Sunday 11th February 2007
Distance Walked: 17.4 miles
Start Time: 8:58
End Time: 15:00
Elapsed Time: 6:02
Weather: Urgh. Cold wind, rain, sleet and fog. Bit brighter later, though.
Distance walked so far: 559.2 miles
Curse you Joss Ackland! Curse you!
Everything I know, I’ve learnt from TV. School taught me how to pass exams. University taught me not to bother. But television filled my head with real knowledge. Johnny Ball, Mrs McLuskey and Norris McWhirter were my teachers. And television first introduced me to the concept of the end-to-end walk when, sometime in the late eighties, it beamed the image of a fat, ageing man slogging up a dark hill in the rain in an ill-fitting blue cagoule into my pre-pubescent goggle-brain.
Ackland and the John O’Groats walk. Of course, he wasn’t actually doing it. He was using acting. All lies. But the concept was real, and it was the concept that stuck with me, embedded somewhere, until somehow it emerged and insistently forced me to comply. And it was the image of that bloody blue raincoat that dominated my thoughts as I plodded up the road from Diggle in the fog and rain this morning, reluctantly dragging myself back to the Pennine Way and the dreary snowy peaks of yesterday’s misadventure.
The night’s rain had cleared some of the larger drifts and, as opposed to the virgin vista of yesterday, at least there were occasional boot prints and even bike tracks that I was able to follow when the path was obscured. Indeed, out of the mists soon emerged a herd of mountain bikers whose progress in these conditions was embarrassingly slow, but nonetheless amusing. I wasn’t the only hopeless case up here after all.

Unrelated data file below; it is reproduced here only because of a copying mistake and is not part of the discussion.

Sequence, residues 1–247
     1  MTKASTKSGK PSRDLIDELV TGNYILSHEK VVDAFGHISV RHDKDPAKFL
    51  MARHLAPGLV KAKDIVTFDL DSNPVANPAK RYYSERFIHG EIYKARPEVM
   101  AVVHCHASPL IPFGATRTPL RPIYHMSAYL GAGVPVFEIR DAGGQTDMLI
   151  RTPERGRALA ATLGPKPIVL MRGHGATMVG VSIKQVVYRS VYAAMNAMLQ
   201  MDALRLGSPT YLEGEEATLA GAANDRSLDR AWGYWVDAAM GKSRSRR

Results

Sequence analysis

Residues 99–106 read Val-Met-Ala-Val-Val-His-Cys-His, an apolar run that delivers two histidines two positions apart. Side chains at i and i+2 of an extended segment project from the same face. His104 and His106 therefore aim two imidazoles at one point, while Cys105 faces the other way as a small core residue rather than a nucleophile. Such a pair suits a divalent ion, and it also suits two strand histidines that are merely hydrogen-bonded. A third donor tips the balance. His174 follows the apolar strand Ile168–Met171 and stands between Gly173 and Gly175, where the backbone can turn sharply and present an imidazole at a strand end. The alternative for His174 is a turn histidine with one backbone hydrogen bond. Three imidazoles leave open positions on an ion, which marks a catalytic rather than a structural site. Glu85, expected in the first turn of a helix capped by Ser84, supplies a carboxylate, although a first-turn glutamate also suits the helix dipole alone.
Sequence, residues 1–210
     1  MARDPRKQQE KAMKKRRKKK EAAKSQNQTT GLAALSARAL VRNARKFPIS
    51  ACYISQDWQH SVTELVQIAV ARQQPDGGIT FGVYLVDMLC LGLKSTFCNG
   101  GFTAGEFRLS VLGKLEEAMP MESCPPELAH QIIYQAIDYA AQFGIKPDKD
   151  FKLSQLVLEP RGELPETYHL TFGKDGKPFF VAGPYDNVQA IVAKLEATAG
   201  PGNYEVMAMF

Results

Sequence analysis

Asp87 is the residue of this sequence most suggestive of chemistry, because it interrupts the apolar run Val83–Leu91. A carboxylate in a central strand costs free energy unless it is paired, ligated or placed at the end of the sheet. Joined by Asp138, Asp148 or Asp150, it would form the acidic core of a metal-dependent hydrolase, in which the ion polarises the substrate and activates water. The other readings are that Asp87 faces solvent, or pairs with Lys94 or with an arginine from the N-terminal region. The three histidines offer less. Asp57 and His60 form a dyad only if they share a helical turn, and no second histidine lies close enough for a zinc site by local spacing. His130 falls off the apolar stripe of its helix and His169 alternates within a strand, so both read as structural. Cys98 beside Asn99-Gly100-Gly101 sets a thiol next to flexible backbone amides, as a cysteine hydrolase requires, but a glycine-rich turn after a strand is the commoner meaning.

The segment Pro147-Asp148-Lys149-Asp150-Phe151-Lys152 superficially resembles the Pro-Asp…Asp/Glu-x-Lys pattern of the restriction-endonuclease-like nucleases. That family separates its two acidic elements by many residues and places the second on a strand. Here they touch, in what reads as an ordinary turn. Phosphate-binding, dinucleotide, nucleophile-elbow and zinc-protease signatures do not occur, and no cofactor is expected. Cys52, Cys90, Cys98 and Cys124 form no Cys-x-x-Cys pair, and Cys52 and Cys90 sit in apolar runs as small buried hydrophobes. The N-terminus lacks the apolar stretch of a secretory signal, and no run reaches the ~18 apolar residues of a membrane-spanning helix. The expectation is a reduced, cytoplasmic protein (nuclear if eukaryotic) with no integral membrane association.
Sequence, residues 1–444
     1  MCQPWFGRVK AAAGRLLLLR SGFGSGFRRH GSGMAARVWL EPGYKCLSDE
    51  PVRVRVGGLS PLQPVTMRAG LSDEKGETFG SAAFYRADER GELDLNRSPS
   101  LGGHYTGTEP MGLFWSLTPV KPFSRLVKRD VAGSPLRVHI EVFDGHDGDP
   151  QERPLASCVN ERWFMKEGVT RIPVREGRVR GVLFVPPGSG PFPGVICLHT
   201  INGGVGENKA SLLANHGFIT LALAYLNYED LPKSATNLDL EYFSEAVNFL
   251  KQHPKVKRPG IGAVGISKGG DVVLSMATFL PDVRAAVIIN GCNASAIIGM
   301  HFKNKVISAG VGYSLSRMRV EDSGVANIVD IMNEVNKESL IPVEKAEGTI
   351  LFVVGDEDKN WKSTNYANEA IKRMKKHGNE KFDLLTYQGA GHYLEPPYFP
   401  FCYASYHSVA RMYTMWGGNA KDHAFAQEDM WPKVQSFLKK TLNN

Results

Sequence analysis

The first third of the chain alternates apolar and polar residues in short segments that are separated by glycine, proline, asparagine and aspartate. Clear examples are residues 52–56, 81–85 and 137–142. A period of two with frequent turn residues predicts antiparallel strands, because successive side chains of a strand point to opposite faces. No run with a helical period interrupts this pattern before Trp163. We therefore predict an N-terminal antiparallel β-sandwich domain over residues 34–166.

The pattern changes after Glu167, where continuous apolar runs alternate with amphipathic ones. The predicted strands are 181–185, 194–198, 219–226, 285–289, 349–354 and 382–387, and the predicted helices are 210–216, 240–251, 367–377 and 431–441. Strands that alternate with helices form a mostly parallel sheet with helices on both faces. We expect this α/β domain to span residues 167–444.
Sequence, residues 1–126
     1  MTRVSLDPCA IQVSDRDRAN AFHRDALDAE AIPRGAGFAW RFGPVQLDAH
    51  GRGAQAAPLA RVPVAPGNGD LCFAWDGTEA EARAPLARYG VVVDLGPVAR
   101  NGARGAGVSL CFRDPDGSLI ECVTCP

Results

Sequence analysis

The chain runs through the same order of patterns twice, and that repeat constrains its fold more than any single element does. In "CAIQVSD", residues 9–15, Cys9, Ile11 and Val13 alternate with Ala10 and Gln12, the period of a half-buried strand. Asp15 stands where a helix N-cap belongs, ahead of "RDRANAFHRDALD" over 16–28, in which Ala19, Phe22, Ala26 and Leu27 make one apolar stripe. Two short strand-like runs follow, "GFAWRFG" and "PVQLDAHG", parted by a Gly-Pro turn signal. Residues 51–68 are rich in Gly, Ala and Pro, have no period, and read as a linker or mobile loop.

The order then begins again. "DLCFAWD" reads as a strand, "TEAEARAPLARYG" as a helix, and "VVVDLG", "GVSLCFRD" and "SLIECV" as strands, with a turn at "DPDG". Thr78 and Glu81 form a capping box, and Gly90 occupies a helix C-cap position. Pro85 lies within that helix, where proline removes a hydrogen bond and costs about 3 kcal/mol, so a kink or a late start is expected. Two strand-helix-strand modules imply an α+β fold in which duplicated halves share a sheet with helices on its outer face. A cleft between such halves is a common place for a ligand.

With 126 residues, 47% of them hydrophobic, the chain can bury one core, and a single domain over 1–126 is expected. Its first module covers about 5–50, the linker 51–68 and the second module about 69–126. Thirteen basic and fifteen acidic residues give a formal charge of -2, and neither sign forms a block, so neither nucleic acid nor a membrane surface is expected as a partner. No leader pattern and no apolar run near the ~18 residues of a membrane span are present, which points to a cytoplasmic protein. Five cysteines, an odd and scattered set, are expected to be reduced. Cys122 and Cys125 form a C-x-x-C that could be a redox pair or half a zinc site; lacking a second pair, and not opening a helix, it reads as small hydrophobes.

Having crossed the narrow misty bridge that swings high above M62, the Way eventually descends to the Roman Road and finally, below the cloud level, the valleys came into view, the sun, unbelievably, emerged, and I began to feel almost human again. Walking through the country certainly provides plenty of time to appreciate how the land shapes our lives. We are subject to it. The towns and cities are rare, sporadic outposts in a vast sea of earth and grass. The power is in the hills. The pylons and wind turbines are the modern signs, but the energy here once flowed down the valleys, into the mills and factories of Manchester and Sheffield, Leeds, Blackburn and Halifax. Here industry flourished. The revolution. This is the real heart of England, the engine that drove the land. You can feel it still.
I pass the Stoodley Pike Monument, another cock planted on another hill, and drop down the Calder Valley into the increasingly aspirational town of Hebden Bridge, where organic shops and right-on thinkers mingle with the tourists, hippies and junkies. The mills and factories are now luxury apartments. The canals are watery playgrounds. In such small ways, we try to reshape the world.
Song of the day:
Life is like a maze of doors /
And they all open on the side you’re on /
Just keep on pushing hard boy /
Try as you may /
You’re gonna wind up where you started from